hacked on Twitter is fast becoming a rite of passage for big
corporations, but Tuesday's attack on the Associated Press could be
a tipping point and shows that social networks must do more to keep
their users safe, security experts said.
- LivingSocial updates encryption practices after password breach
affects 50m - After a massive breach impacted more than 50 million
of its customers, the daily-deal website LivingSocial has updated
its password encryption method to bolster security.
- Syrian Hacktivists Hit Guardian Twitter Feeds - The Syrian
Electronic Army (SEA) announced Sunday that it took over 11 Twitter
feeds belonging to Britain's Guardian newspaper, including its book,
film, photography and travel feeds, as well as multiple journalists'
- LivingSocial hacked; 50 million affected - Hackers target
LivingSocial, stealing the personal data of more than 50 million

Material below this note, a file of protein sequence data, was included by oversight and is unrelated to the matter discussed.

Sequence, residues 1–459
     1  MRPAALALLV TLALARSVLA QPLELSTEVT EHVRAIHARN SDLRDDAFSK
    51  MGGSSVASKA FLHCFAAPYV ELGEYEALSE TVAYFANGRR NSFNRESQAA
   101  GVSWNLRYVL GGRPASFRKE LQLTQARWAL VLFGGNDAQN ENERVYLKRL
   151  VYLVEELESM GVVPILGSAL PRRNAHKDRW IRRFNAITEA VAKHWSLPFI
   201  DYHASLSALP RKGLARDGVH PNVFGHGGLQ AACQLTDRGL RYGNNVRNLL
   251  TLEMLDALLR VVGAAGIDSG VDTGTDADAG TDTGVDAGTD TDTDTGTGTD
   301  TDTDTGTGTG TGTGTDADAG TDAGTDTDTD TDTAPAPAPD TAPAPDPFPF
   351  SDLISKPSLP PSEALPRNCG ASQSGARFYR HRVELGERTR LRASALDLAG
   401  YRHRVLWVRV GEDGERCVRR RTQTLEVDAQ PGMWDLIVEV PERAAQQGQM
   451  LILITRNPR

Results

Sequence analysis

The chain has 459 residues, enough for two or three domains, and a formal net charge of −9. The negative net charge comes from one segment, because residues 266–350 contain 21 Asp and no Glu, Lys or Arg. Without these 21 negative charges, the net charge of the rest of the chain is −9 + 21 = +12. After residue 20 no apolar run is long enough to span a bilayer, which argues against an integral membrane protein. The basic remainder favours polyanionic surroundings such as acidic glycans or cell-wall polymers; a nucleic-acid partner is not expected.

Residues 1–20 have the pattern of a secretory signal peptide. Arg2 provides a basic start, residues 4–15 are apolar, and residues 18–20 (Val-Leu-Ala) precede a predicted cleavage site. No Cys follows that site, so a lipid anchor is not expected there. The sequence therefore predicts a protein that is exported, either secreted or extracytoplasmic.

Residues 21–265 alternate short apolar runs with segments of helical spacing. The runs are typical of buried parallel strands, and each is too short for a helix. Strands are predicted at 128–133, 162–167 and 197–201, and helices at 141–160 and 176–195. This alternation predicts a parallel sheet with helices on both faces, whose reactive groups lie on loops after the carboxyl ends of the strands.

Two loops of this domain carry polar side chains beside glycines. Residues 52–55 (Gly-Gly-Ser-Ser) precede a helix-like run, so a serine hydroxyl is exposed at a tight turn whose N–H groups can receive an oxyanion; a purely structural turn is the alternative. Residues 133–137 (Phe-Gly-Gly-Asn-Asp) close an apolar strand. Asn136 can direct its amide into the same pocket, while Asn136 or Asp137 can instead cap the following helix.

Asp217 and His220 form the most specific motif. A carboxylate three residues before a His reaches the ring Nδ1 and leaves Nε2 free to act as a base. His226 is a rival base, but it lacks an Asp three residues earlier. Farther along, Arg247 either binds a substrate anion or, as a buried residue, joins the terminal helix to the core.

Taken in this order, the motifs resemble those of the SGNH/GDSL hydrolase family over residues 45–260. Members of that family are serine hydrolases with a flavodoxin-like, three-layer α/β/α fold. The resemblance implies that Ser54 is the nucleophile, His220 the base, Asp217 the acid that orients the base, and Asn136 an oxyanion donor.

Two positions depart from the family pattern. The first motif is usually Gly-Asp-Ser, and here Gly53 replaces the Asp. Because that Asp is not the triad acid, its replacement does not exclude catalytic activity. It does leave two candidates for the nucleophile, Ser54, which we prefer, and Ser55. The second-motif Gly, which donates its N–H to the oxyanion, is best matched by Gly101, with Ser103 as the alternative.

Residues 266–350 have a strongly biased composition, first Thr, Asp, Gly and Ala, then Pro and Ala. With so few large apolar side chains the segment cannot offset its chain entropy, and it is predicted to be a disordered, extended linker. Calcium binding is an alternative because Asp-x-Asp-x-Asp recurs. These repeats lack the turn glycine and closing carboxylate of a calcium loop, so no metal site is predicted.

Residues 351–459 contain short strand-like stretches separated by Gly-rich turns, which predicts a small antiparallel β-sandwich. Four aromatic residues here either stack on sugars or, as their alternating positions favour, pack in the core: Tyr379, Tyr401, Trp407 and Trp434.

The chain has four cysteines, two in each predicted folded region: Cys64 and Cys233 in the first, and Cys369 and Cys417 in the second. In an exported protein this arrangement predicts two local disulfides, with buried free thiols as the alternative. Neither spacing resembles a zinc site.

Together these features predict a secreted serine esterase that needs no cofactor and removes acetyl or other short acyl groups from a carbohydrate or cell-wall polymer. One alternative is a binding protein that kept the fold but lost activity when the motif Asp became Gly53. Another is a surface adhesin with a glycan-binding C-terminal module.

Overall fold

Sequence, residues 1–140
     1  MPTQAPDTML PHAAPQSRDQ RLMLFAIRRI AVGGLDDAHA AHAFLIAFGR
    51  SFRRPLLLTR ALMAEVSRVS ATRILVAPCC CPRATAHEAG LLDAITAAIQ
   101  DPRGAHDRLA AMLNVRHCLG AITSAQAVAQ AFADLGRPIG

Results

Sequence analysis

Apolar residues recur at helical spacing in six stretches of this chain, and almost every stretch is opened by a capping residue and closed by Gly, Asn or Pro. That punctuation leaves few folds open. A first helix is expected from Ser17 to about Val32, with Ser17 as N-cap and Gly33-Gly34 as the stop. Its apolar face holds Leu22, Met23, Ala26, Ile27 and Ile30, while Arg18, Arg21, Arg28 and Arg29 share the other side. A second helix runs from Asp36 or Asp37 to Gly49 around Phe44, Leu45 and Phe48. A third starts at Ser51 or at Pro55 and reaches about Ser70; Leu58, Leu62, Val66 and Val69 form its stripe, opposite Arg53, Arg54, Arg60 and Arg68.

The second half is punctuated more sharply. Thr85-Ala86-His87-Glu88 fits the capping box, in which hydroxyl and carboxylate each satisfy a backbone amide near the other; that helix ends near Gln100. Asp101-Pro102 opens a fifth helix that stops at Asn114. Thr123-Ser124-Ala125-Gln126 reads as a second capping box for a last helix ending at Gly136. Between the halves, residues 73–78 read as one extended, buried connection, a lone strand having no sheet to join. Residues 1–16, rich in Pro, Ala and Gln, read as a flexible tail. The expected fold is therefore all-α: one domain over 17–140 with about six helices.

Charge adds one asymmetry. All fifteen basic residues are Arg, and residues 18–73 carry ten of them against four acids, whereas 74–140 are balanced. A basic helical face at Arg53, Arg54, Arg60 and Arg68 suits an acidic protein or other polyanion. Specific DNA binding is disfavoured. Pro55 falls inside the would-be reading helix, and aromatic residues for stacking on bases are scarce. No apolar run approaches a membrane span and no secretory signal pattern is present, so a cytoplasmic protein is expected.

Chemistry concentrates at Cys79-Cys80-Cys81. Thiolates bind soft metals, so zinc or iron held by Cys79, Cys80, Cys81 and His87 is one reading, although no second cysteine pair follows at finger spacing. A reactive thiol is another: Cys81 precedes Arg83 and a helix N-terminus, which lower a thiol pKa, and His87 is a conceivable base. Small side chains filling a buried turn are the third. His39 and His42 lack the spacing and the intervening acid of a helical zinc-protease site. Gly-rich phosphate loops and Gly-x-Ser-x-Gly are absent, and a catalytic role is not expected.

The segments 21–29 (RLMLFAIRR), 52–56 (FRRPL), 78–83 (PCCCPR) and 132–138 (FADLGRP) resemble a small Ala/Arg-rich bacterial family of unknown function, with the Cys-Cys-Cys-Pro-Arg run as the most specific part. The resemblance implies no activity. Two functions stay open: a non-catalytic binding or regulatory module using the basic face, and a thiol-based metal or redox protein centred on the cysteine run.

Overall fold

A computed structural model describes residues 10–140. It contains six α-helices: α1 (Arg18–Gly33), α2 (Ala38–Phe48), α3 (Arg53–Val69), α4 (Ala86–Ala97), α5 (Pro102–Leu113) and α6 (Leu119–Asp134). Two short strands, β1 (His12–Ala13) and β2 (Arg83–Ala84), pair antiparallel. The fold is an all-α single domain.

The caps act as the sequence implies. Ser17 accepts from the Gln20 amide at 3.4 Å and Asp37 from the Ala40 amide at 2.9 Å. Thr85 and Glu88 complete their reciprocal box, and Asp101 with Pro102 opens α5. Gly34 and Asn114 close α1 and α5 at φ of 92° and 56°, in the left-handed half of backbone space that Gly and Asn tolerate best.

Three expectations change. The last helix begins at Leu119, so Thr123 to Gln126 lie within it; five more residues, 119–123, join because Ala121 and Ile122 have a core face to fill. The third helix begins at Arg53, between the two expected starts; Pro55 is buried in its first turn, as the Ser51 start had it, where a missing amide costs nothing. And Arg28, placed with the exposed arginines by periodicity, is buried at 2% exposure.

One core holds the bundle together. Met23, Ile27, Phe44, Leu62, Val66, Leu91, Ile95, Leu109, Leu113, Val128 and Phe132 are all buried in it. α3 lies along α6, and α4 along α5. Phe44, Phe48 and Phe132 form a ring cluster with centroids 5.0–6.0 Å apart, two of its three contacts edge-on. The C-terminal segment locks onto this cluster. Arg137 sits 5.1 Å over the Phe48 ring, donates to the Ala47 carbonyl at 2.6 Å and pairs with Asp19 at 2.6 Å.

people in an enormous security breach. Daily deals Web site
LivingSocial is the latest database target for hackers, who have
compromised the personal information of more than 50 million people.
- Army database housing sensitive data on major US dams breached -
The U.S. Army Corps of Engineers (USACE) has confirmed that a
national database, which contains sensitive information on
potentially hazardous U.S. dams, was accessed by an “unauthorized
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of the newsletter
WEB SITE COMPLIANCE -
Risk Management of
Outsourced Technology Services
Due Diligence in Selecting a Service Provider - Contract Issues
Business Resumption and Contingency Plans
The contract should address the service provider’s responsibility
for backup and record protection, including equipment, program and
data files, and maintenance of disaster recovery and contingency
plans. Responsibilities should include testing of the plans and
providing results to the institution. The institution should
consider interdependencies among service providers when determining
business resumption testing requirements. The service provider
should provide the institution with operating procedures the service
provider and institution are to implement in the event business
resumption contingency plans are implemented. Contracts should
include specific provisions for business recovery timeframes that
meet the institution’s business requirements. The institution should